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Computer Science Unplugged

Dr. Tom Cortina Carnegie Mellon University

Computer Science Unplugged

CS Unplugged is a book of activities that illustrate computer science principles without using a computer.

Activities are short and are designed to be easily integrated into classes and include exercises and lesson plans for teachers.

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CS UNPLUGGED

The basic edition of Computer Science Unplugged has 12 classroom exercises for you to use with your students.

Each exercise has a number of extensions, activities and background information.

All activities can be done without the use of computers, but they all demonstrate fundamental principles used in computers today.

TWENTY GUESSES

How much information is there in a 1000-page book? Is there more information in a 1000-page telephone book, or in Tolkien's Lord of the Rings? If we can measure this, we can estimate how much

space is needed to store the information. This activity introduces a way of measuring

information content.

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TWENTY GUESSES

Can you read the following sentence?

"Ths sntnc hs th vwls mssng. "

You probably can, because there is not much "information" in the vowels.

TWENTY GUESSES

I am thinking of a number between 1 and 100.

I will start you off with 20 pieces of candy. You may only ask questions that have a

"yes" or "no" answer. For each incorrect guess, you will lose one

piece of candy. Once you guess correctly, you can keep

whatever candy remains.

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TWENTY GUESSES

To pick a number between 0 and 100, you only need 7 guesses. Always shoot for the middle number of the range and

eliminate half the possibilities! This concept is called binary search.

If the number was between 0 and 1000, you would only need 3 additional guesses.

You can guess a number between 0 and 1 million in only 20 guesses!

LIGHTEST & HEAVIEST

Computers are often used to put lists into some sort of order (e.g. names into alphabetical order, appointments or e-mail by date, etc.) If you use the wrong method, it can take a long time

to sort a large list into order, even on a fast computer.

In this activity children will discover different methods for sorting, and see how a clever method can perform the task much more quickly than a simple one.

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LIGHTEST & HEAVIEST

Start with 8 containers with different amounts of sand or water inside. Seal tightly.

Children are only allowed to use the scales to compare the relative weights of two containers.

Only two containers can be compared at a time.

LIGHTEST & HEAVIEST

METHOD 1 is called Selection Sort. METHOD 2 is called Quick Sort.

Generally, quick sort is a lot faster than

selection sort is.

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BATTLESHIPS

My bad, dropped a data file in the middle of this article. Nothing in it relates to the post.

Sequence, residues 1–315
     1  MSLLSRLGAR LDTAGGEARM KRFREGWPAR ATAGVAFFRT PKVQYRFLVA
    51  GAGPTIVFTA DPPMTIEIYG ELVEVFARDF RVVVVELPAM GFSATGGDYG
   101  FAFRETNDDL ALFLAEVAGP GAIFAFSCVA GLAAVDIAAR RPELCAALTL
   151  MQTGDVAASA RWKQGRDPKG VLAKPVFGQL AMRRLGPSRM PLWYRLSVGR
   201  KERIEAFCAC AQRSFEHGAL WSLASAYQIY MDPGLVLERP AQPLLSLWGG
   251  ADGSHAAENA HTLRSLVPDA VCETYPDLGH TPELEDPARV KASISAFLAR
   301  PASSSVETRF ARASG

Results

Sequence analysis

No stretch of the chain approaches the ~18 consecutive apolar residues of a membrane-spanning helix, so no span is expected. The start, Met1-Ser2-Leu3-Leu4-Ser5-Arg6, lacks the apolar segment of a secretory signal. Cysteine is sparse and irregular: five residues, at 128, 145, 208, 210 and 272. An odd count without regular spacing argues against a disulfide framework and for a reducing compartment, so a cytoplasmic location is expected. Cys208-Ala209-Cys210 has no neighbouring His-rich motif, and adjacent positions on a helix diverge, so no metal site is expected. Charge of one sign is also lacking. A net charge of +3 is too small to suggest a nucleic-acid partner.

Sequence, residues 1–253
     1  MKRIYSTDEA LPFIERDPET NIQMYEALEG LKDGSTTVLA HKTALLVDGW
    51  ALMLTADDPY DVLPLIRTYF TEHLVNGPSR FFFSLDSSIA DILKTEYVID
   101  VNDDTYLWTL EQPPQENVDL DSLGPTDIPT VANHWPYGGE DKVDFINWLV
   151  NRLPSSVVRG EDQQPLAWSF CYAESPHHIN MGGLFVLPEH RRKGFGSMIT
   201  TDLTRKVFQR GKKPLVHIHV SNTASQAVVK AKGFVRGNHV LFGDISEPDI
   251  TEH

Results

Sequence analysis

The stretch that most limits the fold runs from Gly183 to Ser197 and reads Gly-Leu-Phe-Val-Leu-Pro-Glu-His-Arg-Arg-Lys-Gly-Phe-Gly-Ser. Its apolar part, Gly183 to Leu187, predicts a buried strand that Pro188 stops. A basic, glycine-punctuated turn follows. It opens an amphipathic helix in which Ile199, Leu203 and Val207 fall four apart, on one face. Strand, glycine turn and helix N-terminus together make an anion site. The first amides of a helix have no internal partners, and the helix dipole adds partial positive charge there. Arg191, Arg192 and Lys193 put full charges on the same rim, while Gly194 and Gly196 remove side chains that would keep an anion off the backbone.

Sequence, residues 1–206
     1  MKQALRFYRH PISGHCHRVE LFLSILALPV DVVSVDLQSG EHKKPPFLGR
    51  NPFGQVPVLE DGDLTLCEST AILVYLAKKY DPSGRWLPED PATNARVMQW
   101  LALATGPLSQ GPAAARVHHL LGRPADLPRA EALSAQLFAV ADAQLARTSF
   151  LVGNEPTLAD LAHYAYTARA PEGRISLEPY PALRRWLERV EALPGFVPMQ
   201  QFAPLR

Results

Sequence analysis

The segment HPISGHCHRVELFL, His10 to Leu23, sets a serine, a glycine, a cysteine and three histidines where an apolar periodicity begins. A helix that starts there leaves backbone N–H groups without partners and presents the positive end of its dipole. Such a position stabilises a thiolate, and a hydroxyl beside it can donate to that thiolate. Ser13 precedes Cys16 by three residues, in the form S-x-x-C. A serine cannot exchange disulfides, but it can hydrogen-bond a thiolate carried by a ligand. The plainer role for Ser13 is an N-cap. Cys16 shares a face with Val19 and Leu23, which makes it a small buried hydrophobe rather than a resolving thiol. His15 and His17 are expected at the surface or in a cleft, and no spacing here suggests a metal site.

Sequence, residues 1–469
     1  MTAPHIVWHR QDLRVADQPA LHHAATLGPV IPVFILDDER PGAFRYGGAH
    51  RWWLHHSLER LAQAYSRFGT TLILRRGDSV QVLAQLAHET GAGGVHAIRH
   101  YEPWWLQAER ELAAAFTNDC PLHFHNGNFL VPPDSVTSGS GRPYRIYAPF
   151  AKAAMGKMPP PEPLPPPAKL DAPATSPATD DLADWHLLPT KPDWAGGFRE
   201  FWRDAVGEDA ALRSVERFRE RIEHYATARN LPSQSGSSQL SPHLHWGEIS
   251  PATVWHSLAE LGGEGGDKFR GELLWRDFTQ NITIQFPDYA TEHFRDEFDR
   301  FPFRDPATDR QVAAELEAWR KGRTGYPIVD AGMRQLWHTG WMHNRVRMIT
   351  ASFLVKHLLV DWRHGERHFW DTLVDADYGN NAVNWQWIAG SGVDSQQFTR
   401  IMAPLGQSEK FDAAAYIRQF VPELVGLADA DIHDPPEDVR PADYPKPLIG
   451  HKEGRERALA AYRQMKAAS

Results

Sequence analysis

Computers are often required to find information in large collections of data.

Computer scientists study quick and efficient ways of doing this.

This activity demonstrates three different search methods so children can compare them.

BATTLESHIPS

Battleships are lined up at sea. Each battleship has a number that is hidden. How many guesses does it take for you to find a

specific battleship? The number of guesses is the child's score. The lowest score wins.

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BATTLESHIPS

GAME 1: Ships are randomly ordered.

FIND SHIP # 717

1630 9263 4127 405 4429 7113 3176 4015 7976 88 3465 1571 8625

2587 7187 5258 8020 1919 141 4414 3056 9118 717 7021 3076 3336

BATTLESHIPS

GAME 2: Ships are in increasing order.

FIND SHIP # 5897

33 183 730 911 1927 1943 2200 2215 3451 3519 4055 5548 5655

5785 5897 5905 6118 6296 6625 6771 6831 7151 7806 8077 9024 9328

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BATTLESHIPS

GAME 3: Ships are ordered into 10 groups based on a mystery function.

FIND SHIP # 8417

BATTLESHIPS

These three games illustrate linear search binary search hashing

What is the maximum number of guesses required for each of these search techniques for 26 battleships? for n battleships?

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THE MUDDY CITY

Our society is linked by many networks: telephone, utilities, roads

For a particular network, there is usually some choice about where the links can be placed.

This exercise examines a complete network to determine the links necessary to connect all the components of the network at minimal cost.

THE MUDDY CITY

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THE MUDDY CITY

THE MUDDY CITY

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THE MUDDY CITY

THE MUDDY CITY

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THE MUDDY CITY

This exercise illustrates how to build what we call the minimal spanning tree. A tree does not have any cycles where you

can get back to where you were before. This exercise does not give us the shortest

path from one location to another. But there is another algorithm for that!

BEAT THE CLOCK

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BEAT THE CLOCK

This activity illustrates structures used in parallel sorting networks.

Kids sort data by walking through a sorting network laid out on the floor.

The network simulates how a parallel network would sort data. Kids find out that data can be sorted a lot

faster in parallel!

CS UNPLUGGED

The teacher's version of Computer Science Unplugged is available online at !!http://www.csunplugged.org The book is FREE to download and use!

Additional material will be published soon to add even more activities, including video to demonstrate how to use these activities effectively in your classroom.